I started my photography career in the fire service as a contributor to the department news letter and then to the local newspapers. I had many opportunities to capture dramatic scenes at incidents as well as regular station life. There were many instances I wished I had my camera. I didn't know it back then but I was training my eyes to always look at real life as if you were going to take only one photo, and that one photo had to tell the whole story of the day. The journalism classes I took in college helped to promote that idea and its something that I use when I determine which photo or video clip I save.
The great photography teacher John Gray taught me many things but the one thing that rang true shortly after I finished his classes was that, all still photography students should learn video !!!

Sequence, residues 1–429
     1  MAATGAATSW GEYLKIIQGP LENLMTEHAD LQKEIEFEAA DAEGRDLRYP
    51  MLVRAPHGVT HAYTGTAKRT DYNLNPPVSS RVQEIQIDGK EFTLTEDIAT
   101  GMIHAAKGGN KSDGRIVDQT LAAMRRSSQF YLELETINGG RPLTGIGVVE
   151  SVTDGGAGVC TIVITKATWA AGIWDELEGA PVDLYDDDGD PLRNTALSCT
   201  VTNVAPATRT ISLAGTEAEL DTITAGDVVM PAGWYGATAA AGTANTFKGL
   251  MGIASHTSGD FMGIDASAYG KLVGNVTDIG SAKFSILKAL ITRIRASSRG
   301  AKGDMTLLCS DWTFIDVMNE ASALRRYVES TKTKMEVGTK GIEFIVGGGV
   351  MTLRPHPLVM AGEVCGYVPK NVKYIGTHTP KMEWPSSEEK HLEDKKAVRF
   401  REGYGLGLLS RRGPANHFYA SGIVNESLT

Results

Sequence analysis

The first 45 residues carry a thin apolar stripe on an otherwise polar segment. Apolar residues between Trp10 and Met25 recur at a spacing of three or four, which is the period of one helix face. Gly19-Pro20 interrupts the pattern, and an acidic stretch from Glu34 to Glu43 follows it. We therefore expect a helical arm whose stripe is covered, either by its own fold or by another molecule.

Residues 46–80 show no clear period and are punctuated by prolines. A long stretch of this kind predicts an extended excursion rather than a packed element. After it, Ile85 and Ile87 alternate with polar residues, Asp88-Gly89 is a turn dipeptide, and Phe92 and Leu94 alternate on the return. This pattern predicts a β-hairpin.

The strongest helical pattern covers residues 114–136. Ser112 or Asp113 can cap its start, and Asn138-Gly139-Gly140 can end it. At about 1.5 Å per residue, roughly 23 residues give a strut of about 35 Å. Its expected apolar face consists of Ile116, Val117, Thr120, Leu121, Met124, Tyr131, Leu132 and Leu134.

Enough said. The next DSLR camera I bought was video ready.
In 1997 I joined the Screen Actors Guild and early on I realized the necessity to design a scene before snapping or rolling camera. I have been in front of the camera for many years and I have learned many aspects of setting up a shot including how long it takes to get it right. You can have the biggest names in the industry however, before you roll camera, the DP owns the set for however long it takes.
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